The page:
1983-1991 Chevrolet Suburban, CK Pickup Series, and Blazer Replacement Condenser: 3642C
Due to model updates, the replacement condenser and original condenser design may vary for the applications listed above. The original, 1st generation design, is a serpentine style condenser. Most replacement options on the market today will feature the 2nd generation design, a parallel flow style condenser. In addition to style changes, the 2nd generation design is shorter in length compared to the original serpentine condenser design and may require mounts to be adjusted.
What Makes Parallel Flow Style Condenser More Efficient
Parallel flow style condensers feature a multi-channel construction with 400-600 small tubes that average led than 1mm in diameter. This design maximizes heat transfer because refrigerant cycling through the A/C system is dispersed across a greater surface area.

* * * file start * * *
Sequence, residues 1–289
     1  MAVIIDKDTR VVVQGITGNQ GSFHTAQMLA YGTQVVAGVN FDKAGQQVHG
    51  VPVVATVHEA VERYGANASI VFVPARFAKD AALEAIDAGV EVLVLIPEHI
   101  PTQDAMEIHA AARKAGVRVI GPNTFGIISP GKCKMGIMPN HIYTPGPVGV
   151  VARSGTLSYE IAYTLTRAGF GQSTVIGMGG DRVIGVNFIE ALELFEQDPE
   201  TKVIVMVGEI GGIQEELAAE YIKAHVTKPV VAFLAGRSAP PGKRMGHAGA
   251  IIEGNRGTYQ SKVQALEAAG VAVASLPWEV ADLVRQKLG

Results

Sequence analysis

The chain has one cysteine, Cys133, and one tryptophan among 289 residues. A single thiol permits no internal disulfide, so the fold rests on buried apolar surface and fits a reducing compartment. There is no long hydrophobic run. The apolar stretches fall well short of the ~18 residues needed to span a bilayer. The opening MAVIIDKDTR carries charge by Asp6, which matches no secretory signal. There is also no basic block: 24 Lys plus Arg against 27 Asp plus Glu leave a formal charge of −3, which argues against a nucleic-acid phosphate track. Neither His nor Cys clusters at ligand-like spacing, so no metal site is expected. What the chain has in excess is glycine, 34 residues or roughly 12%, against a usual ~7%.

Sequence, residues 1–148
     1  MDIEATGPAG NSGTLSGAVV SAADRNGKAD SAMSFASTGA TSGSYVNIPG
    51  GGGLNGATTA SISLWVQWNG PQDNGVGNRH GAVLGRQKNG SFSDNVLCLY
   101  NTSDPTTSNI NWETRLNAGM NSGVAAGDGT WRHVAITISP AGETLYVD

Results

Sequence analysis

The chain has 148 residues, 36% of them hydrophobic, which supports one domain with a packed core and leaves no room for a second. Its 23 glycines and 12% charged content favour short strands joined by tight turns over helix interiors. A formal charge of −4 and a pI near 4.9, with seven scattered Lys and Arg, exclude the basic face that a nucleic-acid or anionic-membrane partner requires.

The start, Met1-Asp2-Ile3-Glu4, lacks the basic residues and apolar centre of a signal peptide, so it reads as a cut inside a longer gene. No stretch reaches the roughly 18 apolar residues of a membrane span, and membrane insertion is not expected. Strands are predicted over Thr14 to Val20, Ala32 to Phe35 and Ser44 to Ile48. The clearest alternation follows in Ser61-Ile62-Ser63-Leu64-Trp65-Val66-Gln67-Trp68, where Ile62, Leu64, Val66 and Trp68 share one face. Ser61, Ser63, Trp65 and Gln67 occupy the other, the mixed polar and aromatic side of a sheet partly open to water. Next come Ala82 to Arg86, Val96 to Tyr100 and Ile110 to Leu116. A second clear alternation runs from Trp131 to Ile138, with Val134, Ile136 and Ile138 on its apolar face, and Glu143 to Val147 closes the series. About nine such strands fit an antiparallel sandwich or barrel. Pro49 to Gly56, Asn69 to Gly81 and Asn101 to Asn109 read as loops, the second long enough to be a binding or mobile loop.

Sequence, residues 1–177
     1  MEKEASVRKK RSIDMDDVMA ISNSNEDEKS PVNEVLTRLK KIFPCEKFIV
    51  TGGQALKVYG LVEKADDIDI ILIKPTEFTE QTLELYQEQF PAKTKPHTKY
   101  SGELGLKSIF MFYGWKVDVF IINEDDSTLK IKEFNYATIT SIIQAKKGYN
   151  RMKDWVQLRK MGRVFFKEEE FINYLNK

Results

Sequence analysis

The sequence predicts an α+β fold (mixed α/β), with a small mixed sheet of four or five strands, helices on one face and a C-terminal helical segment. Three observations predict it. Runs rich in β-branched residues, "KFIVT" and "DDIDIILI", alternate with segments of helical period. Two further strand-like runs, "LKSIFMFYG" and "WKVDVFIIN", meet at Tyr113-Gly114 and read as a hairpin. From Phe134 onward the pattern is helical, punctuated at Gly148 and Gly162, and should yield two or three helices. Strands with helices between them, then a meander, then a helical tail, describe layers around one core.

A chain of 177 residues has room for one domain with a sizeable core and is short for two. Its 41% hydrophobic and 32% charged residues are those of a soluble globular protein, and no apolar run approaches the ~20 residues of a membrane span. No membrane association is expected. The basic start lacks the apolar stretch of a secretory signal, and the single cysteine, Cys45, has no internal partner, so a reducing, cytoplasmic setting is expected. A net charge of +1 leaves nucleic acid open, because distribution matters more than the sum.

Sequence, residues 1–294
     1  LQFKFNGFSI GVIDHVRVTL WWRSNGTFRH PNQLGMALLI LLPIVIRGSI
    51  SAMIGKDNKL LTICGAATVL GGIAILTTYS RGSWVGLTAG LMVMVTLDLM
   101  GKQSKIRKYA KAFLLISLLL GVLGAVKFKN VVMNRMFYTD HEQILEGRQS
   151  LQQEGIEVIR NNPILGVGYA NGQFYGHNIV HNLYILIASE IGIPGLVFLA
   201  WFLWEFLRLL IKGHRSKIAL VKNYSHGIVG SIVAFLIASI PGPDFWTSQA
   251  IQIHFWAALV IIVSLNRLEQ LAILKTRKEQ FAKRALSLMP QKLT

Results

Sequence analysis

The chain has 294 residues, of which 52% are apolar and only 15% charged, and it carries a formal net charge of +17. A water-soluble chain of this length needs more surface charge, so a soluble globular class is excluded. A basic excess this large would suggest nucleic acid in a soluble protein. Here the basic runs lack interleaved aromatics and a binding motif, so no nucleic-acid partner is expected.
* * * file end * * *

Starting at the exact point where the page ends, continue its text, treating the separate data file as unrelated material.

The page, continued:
Why is it Impossible to Flush Parallel Flow Style Condensers?
Although efficient for cooling, the small tubes mentioned above are so small (less than 1mm in diameter) that they trap any contamination in the system. Even small amounts of excess debris can restrict refrigerant flow, causing high head pressure and damage to the compressor. These restrictions are impossible to clear with flush, thus requiring a replacement condenser.
gpd highly recommends flushing the system and replacing the condenser alongside the compressor because excess contaminant/debris left in the system from a failed compressor will cause a repeat failure.
Refer to gpd Tech Tip #1 for more information on serpentine vs. parallel flow style condensers.
Temperature testing is the best method of verifying proper charge. Refer to gpd Tech Tip #169 for guidance on how to use a temperature testing tool to verify proper condenser charge.